On Friday, Sept. 24 the Integrated Science Center hosted "Celebrating the Sciences," a program that invited distinguished Geneseo alumni from various science backgrounds to speak with current students and faculty.
The day featured a tour of the Integrated Science Building, alumni discussion panels and demonstrations, and the highlight keynote address from Norman Neureiter.
Neureiter is the director of the American Association for the Advancement of Science for Science, Technology and Security Policy in Washington, D.C. He oversees an effort to build connections between scientists, research institutions and the federal policymakers involved in national security issues. Neureiter described himself as "an international science diplomat."
Neureiter's speech, "Reflections on Science and Science Policy," focused on how the policies of the United States affect scientific development. "The strength of American scientific technology and innovation is based on policies," Neureiter said.
He said that in 2010, the U.S. government allocated $150 billion toward research and development. In this challenging fiscal environment, Congress continues to debate and change the research and development budget. Neureiter said that continued scientific research is the "prime instrument in maintaining U.S. global dominance in the future."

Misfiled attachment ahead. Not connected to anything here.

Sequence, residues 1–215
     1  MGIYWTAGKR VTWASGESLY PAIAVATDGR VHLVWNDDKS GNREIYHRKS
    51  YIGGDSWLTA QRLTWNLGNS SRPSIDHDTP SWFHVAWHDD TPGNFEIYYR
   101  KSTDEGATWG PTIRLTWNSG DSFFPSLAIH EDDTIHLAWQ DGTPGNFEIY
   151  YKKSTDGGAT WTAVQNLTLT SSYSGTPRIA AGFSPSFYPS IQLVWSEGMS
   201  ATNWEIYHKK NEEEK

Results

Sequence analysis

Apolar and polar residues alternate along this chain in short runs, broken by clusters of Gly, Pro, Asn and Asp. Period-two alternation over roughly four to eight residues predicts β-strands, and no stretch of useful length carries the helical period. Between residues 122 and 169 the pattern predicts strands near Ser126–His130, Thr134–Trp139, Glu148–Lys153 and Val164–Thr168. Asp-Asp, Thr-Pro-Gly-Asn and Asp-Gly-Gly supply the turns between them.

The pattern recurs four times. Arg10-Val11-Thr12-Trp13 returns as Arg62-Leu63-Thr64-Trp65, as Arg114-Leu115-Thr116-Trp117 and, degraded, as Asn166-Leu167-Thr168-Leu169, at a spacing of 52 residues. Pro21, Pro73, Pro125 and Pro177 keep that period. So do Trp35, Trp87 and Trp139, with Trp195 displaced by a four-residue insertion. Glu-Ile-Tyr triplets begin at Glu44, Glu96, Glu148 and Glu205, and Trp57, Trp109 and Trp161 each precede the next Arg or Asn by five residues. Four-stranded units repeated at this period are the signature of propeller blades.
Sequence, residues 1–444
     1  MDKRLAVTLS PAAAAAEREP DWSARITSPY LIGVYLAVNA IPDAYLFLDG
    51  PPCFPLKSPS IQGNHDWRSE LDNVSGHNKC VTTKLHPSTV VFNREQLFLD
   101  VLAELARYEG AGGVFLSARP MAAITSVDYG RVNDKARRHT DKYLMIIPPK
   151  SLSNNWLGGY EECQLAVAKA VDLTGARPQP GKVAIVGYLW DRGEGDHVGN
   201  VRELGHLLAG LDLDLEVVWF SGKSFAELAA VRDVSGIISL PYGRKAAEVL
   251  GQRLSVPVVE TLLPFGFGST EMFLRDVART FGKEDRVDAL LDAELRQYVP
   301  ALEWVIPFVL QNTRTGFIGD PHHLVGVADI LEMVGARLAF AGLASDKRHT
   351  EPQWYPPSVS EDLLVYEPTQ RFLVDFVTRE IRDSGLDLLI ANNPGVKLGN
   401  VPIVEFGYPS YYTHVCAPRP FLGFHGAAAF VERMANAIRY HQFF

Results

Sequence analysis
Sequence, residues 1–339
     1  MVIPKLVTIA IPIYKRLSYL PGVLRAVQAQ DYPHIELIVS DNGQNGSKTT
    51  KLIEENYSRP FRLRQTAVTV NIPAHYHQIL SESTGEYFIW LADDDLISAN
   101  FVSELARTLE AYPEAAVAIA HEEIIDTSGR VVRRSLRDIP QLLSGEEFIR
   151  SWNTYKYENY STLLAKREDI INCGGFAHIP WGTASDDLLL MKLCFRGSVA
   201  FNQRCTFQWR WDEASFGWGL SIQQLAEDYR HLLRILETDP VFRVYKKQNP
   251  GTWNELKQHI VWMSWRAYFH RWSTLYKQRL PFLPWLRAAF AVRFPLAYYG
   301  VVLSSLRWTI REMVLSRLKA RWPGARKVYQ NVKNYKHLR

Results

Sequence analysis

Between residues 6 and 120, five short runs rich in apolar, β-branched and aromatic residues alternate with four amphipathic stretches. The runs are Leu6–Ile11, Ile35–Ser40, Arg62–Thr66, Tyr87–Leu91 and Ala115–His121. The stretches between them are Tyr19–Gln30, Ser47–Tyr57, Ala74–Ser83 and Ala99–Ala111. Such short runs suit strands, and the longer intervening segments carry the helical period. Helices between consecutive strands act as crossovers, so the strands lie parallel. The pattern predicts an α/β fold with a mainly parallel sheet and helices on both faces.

"As an international science diplomat it is important to build neutral, beneficial relationships with countries," Neureiter said. He noted that the U.S. is no longer as dominant in scientific progression as it used to be because other nations like China, India and Russia are offering students and professors more attractive positions. Neureiter said that for America to continue its dominance in the sciences, it is crucial for more students to become interested in science.
The Celebrating the Sciences program also hosted panel discussions for students with alumni from across the biology, chemistry, geology and physics disciplines. A number of alumni spoke about their education, current jobs and how Geneseo's science programs influenced their lives. Biology alumnus Mark Bookhout '75 spoke about his experience as one of the first to enter the field of physical therapy. "It's not like work," he said. "If you have such a passion for something, it's hard to put it down. Geneseo gave me the science background to pursue that passion."
Biology professor Robert O'Donnell said that the Celebrating the Sciences program was designed to show students various career choices and paths.
"It puts it into context why they're learning what they're learning," he said. O'Donnell said he believes that the program "shows our undergraduates the accomplishments of alumni and allows them to see what's out there if they persevere and are successful."